I'm not an expert, but perhaps can offer some tips. Your climate zone is indeed a lot more forgiving than most of the posts on here, there is a reason a lot of the articles here are out of Maine or Canada. That said, introducing AC into a building that didn't have it previously and adding can lights are both things that have led to issues.

    1. 2x6 mineral wool batts would give you R23 (at least between the rafters) and still allow 2" of ventilation.
    2. I suspect everyone here will caution you against putting the can lights in. Air sealing is one of the most critical aspect of your roof assembly. If you do put them in, you can create a service cavity outside your air sealing layer, and use the slim LED cans that are only ~1" thick.
    3. I believe the introduction of AC is what has caused a lot of moisture issues, so you may find new issues with your house when you add it. A lot of houses used to be completely uninsulated, but with no AC and big fires used in the winter they would keep dry. If you were to introduce AC into a house, you potentially have your sheathing being cooled dramatically below the hot and humid exterior, causing condensation to form.
    4. From the picture, it looks like your batts aren't touching the roof sheathing.

    1. ssbdamion | | #3

      Thank you for your reply CarsonB. You are correct, the current batts is R-19 6" in a 2x8 rafter with no vent holes. Also, thank you for the advice about the R-23 wool batts, I will look into that.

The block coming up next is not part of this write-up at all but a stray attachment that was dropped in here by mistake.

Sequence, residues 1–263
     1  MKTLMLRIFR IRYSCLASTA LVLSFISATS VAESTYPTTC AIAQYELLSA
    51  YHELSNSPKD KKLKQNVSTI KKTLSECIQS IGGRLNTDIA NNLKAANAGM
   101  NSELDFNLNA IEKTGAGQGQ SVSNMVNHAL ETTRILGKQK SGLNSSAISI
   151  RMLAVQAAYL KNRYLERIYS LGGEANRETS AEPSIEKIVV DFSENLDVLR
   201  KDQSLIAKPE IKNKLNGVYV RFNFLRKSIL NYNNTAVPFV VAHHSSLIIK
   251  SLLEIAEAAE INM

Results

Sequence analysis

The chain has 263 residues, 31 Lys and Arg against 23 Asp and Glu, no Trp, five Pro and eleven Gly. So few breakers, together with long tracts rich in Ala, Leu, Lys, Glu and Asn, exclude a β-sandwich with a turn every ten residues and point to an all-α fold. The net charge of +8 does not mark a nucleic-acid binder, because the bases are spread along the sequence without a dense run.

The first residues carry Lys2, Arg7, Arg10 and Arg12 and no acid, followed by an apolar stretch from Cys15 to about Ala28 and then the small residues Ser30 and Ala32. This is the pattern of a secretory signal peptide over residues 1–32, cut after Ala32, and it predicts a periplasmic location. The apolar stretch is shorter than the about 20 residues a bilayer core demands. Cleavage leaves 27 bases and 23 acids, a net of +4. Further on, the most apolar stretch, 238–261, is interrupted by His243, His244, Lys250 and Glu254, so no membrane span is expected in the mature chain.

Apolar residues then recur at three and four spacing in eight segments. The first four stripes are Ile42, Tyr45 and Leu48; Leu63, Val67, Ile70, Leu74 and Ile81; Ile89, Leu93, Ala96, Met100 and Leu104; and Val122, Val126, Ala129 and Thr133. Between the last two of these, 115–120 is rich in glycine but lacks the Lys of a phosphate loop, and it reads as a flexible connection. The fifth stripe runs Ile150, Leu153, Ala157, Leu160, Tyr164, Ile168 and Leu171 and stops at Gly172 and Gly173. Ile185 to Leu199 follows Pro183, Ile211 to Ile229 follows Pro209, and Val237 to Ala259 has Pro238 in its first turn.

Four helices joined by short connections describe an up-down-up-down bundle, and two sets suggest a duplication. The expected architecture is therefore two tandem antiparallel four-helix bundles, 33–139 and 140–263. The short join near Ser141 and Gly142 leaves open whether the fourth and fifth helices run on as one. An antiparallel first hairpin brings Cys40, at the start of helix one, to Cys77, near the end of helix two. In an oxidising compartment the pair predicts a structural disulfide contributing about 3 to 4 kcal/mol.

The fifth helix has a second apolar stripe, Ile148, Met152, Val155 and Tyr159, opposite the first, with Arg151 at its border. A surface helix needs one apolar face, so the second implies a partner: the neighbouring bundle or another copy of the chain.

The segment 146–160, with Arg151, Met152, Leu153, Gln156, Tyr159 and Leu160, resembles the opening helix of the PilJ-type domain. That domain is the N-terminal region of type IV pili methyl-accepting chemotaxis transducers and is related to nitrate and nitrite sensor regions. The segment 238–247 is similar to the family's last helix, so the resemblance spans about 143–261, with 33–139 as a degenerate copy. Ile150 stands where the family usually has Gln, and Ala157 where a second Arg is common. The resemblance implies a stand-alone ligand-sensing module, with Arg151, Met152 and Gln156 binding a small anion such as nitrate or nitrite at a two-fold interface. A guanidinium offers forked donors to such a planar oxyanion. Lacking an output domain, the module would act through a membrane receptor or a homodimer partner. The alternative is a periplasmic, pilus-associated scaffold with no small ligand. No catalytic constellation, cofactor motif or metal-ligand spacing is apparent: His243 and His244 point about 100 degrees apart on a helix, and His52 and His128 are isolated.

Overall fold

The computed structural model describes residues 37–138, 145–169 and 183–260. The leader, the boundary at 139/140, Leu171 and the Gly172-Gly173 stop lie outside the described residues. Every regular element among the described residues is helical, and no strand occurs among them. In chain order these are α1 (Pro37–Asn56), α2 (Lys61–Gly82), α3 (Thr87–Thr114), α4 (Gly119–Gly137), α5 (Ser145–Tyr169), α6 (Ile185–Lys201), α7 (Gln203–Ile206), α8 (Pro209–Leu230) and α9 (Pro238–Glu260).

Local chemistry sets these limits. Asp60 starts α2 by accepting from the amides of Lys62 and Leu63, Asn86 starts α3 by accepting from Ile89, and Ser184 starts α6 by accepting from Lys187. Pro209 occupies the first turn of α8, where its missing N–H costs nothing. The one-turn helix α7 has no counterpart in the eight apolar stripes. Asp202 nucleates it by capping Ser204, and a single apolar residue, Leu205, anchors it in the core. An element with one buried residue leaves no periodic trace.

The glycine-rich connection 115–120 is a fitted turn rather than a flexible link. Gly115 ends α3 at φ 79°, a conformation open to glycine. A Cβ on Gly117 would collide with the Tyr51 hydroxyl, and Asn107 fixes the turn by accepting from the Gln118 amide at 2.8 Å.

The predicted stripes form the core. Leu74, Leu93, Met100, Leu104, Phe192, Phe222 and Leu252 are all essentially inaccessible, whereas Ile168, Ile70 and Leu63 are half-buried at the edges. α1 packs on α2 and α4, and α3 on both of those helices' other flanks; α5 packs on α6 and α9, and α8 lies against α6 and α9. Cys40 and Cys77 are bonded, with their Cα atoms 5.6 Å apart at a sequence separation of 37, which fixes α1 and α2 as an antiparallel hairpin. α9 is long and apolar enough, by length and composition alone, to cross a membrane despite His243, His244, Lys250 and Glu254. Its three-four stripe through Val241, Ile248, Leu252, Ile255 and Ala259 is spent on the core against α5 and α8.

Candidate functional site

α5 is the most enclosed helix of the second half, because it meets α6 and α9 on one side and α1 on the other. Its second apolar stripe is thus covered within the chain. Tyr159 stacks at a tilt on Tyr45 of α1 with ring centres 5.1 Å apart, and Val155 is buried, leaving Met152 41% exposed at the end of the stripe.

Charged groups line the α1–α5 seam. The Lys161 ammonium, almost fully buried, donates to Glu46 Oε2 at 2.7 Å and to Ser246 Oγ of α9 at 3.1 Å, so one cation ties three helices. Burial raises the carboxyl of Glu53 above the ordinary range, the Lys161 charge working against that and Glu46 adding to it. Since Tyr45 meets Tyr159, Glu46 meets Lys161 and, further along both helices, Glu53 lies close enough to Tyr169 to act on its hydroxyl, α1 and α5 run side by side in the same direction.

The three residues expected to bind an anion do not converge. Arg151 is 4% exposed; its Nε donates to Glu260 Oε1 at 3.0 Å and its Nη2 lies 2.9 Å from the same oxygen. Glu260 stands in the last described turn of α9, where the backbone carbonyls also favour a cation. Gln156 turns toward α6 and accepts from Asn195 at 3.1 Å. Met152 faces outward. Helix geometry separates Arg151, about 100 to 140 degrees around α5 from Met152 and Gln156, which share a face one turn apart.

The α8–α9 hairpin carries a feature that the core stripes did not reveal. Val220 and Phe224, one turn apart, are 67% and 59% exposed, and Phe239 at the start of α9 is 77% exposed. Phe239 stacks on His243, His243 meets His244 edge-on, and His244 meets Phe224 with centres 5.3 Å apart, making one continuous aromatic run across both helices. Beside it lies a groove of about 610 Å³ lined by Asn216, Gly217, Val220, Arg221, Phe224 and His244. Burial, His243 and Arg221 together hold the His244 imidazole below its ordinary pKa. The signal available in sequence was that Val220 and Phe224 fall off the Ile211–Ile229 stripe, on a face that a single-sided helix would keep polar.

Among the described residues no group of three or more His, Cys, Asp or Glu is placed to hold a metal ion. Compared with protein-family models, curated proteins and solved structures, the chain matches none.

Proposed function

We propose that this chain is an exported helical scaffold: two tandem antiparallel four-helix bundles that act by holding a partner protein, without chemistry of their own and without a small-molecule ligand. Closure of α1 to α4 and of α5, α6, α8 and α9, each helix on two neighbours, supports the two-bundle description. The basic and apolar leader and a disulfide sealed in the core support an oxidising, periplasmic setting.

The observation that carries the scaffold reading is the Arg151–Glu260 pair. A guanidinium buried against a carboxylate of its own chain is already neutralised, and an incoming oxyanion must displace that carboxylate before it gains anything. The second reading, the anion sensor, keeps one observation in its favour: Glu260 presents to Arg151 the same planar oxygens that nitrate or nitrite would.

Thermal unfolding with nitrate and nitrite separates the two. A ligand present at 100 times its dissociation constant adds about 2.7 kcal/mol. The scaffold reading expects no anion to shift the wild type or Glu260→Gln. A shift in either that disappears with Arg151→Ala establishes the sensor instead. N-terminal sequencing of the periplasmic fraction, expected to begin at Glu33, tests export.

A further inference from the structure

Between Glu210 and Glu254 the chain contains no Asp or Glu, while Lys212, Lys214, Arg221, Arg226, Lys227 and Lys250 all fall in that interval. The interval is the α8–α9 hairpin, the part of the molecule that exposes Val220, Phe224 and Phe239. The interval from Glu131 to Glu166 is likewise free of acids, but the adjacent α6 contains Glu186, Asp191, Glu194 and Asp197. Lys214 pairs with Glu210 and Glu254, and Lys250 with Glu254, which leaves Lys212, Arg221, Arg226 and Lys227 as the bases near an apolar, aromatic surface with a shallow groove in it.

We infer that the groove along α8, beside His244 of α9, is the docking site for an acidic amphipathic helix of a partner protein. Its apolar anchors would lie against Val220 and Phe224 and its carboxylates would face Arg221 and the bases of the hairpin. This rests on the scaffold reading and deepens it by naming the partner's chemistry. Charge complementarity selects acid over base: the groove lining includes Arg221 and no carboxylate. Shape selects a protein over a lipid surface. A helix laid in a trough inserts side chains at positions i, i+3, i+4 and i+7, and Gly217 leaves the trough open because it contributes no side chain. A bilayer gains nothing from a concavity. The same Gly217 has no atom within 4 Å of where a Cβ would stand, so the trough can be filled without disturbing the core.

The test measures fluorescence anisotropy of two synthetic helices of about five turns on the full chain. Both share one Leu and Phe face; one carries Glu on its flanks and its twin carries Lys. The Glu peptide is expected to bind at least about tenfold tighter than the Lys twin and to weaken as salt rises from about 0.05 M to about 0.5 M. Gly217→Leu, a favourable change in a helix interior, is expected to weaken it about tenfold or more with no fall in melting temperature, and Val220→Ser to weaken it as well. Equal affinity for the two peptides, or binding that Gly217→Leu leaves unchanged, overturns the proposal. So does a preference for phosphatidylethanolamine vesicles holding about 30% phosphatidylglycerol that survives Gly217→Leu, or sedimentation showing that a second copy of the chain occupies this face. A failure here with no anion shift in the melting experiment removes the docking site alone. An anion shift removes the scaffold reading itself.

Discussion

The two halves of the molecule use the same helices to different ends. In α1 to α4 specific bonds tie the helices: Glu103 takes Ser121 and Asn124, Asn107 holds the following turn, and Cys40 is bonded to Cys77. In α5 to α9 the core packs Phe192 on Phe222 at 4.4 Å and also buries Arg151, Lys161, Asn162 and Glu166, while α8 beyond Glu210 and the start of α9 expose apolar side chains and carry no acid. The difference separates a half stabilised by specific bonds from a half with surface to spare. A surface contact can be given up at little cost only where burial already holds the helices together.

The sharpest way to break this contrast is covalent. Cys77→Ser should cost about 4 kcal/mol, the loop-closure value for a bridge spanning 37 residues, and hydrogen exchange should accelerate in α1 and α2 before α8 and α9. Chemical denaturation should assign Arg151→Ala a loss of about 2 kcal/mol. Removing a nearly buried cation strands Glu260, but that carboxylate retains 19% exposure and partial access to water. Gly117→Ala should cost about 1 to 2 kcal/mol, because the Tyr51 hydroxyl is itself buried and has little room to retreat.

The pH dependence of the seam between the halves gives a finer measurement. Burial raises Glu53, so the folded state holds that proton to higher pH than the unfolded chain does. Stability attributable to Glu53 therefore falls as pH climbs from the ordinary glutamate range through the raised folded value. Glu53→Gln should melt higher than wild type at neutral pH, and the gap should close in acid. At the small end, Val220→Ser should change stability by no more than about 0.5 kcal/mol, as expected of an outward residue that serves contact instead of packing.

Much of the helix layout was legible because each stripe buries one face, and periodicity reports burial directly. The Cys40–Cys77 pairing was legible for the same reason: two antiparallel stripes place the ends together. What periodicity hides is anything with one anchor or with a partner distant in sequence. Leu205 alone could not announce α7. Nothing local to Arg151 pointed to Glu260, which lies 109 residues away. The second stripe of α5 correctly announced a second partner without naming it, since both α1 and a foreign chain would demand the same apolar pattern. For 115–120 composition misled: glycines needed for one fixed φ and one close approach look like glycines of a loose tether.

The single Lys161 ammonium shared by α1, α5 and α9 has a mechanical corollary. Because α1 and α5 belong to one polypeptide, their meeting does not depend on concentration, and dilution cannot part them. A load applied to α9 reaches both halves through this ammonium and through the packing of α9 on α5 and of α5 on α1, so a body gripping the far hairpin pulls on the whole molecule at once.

I do agree about the lights and AC potentially causing an issue. I did call a local insulation company today and they told me that on average, 5%-10% of customers have issues with traditional insulation. For that reason, they've started offering 4"-5" closed cell spray foam or 2" spray foam and batts insulation. They were not sure why some customers had issues and others didn't, but suspected it could be due to proximity to the ocean, AC usage, lights, roof type, etc.

      The one thing I may have going for me is that the tile roof may reject some heat. My options at this point are as follows:

      1. Spray foam 2" and batts. Insulate and spray foam around the IC LED cans and remove the AC ducting from the rafters and install in a dedicated soffit or install ductless system.

      2. 6" insulation, leave the soffits open, and drill some holes in the blocking to try to create a continuous air gap from the soffit to the attic. This would be done without a dedicated channel, but I don't expect air drafting to be an issue since one side is a soffit to the outside, and the other side will be venting into the attic. Insulate and spray foam around the IC LED cans and remove the AC ducting from the rafters and install in a dedicated soffit or install ductless system.

      3. Close off the soffit and attic vents and mimic the current design, 6" or 8" insulation between the rafters. Insulate and spray foam around the IC LED cans and remove the AC ducting from the rafters and install in a dedicated soffit or install ductless system.